So you’d say yes to Von Trier whatever he was doing? Yeah, I want to play with him. I want to join him in the sandbox. I don’t work only for the results. I spend so much time of my life on a set, I want it to be fun, creative. You never know what a film is going to turn out like anyway. You do your best to make it as good as possible, but that is secondary to the process to me.
In Order of Disappearance is out now
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Thanks to Askars Library for the find.
Here is a link to the video--video of My, pictures of the children, and I presume more details.
Alkohol terapeuten My Skarsgård, 58, was on Sunday invited to SVT's Agenda to talk about co-dependent.
For her, is co-dependency a parallel development with the chemically dependent.
– You become dependent on another person's consciousness, of trying to change, and sometimes scared, someone else at the expense of yourself and your needs, "she told Aftonbladet.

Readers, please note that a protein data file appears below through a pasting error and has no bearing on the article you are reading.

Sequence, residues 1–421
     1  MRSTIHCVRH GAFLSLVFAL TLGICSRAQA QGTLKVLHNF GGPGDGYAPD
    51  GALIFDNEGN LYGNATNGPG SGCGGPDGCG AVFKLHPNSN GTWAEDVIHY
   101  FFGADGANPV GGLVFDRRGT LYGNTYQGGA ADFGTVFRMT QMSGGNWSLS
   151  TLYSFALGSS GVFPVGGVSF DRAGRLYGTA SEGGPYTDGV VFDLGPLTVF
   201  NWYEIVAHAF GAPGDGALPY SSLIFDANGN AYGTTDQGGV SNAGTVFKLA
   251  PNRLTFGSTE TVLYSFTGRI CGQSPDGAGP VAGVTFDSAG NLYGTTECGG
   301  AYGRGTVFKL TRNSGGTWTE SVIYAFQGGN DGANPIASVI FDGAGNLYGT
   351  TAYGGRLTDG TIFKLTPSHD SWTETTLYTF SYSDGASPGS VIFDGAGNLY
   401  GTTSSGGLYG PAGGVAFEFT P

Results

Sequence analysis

My became co-dependent already as a child. At times parents drank did the mother not to handle the alcohol, she says.
"She became a personality unscaled in a horrifying way, which meant I went with a lump in his stomach and was afraid, says My Skarsgård.
She describes how her mother when she drank sometimes became psychotic.
– Often threatened her with that kill herself. my role, I thought, was to prevent her and to keep her. I was a kid then, so it was pretty heavy. Emotionally, it was really hard.
The day after, it was as if nothing happened, and certainly no one was talking about, "says My Skarsgård.
– It made me insecure. It was also very shameful. I had no one to talk to about this. I had a lot of katastroftänk and was very afraid if my parents would go away, because then I had no track. I understood much later how deep tracks this put in me.